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Sanders Introduces Bill to Stop Bank CEOs From Serving as Fed Bank Regulators

The CEO of Silicon Valley Bank was a member of the San Francisco Fed board up until the day his bank collapsed.

Chairman Bernie Sanders talks with reporters before the Senate Health, Education, Labor and Pensions Committee hearing titled “Community Health Centers: Saving Lives, Saving Money,” on Thursday, March 2, 2023.

Gregory Becker is the CEO of Silicon Valley Bank, the second largest bank to fail in U.S. history. He was also, up until the day the bank failed on March 10, a member of the board of directors of the Federal Reserve Bank of San Francisco, one of 12 Federal Reserve Banks in the country charged with keeping institutions like Silicon Valley Bank healthy and solvent.

Sen. Bernie Sanders (I-Vermont) is on a quest to prevent people like Becker from serving in such positions again. On Thursday, Sanders introduced a bill that would block bank executives from serving on regional Federal Reserve Banks that regulate the very banks they run — an extremely common practice that Sanders points out bank executives frequently abuse in order to gain favor for their institutions.

The aim of the Federal Reserve Independence Act is to prevent the natural “conflicts of interest” that arise when a bank executive serves in a body that is supposed to rein in the institution that they run. It would also prevent Fed employees and board members from owning stock in any of the institutions under the Fed’s purview.

“I think it would come as a shock to most Americans to find out that Gregory Becker, the CEO of Silicon Valley Bank, who successfully lobbied for the deregulation of his financial institution was allowed to serve as a director of the same body in charge of regulating his bank: the San Francisco Federal Reserve,” Sanders said in a statement about the bill.

“It is clear to me and to the American people, that the CEOs of the largest banks in America should not be allowed to serve as directors of the main agency we have in this country in charge of regulating those very same financial institutions,” he continued. “The Fed has got to become a more democratic institution that is responsive to the needs of working people and the middle class, not just CEOs of some of the largest financial institutions in America.”

The bill has been endorsed by several organizations, including Public Citizen, Revolving Door Project and the Working Families Party. It has also been endorsed by the Association of Flight Attendants-Communications Workers of America.

“For far too long the Federal Reserve has been helmed by bank executives and former Wall Street financiers, allowing bank control over the very institution tasked with their regulation,” Revolving Door Project researcher Henry Burke said in a statement emailed to Truthout. “Preliminary investigations into the collapse of Silicon Valley Bank have made it clear that not only did the Fed pursue a deregulatory regime that helped create the conditions for the bank’s failure, but Fed officials ignored glaring signs of mismanagement by the executives at SVB in the months leading up to its failure.”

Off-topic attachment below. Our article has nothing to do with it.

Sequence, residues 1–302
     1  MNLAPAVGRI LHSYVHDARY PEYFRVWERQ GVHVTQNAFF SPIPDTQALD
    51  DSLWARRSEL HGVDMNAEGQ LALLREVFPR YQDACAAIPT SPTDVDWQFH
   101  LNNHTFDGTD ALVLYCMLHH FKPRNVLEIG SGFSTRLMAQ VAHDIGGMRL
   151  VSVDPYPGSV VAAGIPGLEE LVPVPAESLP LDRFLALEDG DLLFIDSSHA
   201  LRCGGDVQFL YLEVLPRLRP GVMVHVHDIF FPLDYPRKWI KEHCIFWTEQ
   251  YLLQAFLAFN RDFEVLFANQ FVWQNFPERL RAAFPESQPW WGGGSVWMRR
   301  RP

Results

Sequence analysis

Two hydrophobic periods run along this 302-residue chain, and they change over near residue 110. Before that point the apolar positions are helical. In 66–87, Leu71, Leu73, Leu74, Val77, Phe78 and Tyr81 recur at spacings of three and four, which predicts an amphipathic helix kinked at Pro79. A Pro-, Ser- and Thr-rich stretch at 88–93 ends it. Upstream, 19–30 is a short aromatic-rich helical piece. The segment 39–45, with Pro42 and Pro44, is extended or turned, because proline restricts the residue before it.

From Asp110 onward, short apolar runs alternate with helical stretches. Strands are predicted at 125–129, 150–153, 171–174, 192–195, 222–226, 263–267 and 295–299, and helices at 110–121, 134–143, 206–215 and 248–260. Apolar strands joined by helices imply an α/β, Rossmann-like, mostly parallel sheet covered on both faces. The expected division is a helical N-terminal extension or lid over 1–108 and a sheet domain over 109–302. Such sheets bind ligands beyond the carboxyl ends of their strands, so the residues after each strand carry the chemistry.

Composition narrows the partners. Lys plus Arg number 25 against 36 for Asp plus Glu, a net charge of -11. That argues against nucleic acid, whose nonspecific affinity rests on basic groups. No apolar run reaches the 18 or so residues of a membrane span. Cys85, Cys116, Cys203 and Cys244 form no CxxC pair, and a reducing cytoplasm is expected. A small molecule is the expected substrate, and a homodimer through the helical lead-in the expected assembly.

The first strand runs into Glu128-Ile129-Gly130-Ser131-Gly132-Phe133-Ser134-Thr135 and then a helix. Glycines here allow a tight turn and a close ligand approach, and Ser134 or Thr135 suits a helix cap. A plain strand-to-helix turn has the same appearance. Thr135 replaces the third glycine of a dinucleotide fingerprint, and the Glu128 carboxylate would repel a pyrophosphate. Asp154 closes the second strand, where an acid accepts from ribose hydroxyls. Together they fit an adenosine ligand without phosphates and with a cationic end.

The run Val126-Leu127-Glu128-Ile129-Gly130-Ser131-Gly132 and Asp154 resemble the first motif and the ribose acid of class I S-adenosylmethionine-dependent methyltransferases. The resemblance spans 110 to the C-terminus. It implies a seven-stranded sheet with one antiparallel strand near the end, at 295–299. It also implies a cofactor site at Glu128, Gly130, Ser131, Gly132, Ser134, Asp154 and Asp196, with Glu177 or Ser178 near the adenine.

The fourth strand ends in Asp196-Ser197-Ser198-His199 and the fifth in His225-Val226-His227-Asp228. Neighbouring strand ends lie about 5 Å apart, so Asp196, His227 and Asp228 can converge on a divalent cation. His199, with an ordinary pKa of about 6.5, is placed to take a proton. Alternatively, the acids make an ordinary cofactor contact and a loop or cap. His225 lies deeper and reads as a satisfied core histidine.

“The American people should be able to rest assured that the Fed is pursuing their best interests — not those of the wealthy bank executives that serve on its board,” Burke continued.

Silicon Valley Bank and Signature Bank, a crypto lender which also recently collapsed, both aggressively lobbied for a 2018 law that overhauled many regulations in the Dodd-Frank law, enacted after the Great Recession to prevent major bank failures. These deregulatory actions, as well as further deregulatory actions from Federal Reserve Chair Jerome Powell, have been largely blamed for the failures of the banks, alongside the extreme focus on profits over everything else at the banks themselves.

According to a press release on the bill, two-thirds of directors on the 12 Federal Reserve Boards are “hand-picked” by the banks that are overseen by the Federal Reserve. Sanders’s office also points out that there are currently five top executives of financial institutions that control over $150 billion in assets serving as regional Federal Reserve directors — institutions that, thanks to the 2018 repeal, aren’t subject to the sort of regulatory scrutiny that lawmakers like Sanders say could have prevented the failures.

Other major bank executives have served on regional Federal Reserve boards in the past, raising other examples of potential conflicts of interest, Sanders says.

A Dear Colleague letter signed by Sanders brings attention to the fact that JP Morgan Chase CEO Jamie Dimon sat on the New York Fed board when, during the Great Recession, the Federal Reserve gave $391 billion in assistance to Chase, as one of the banks that received money in an almost zero interest loan during the crisis, the Government Accountability Office found in a report commissioned by Sanders in 2011.

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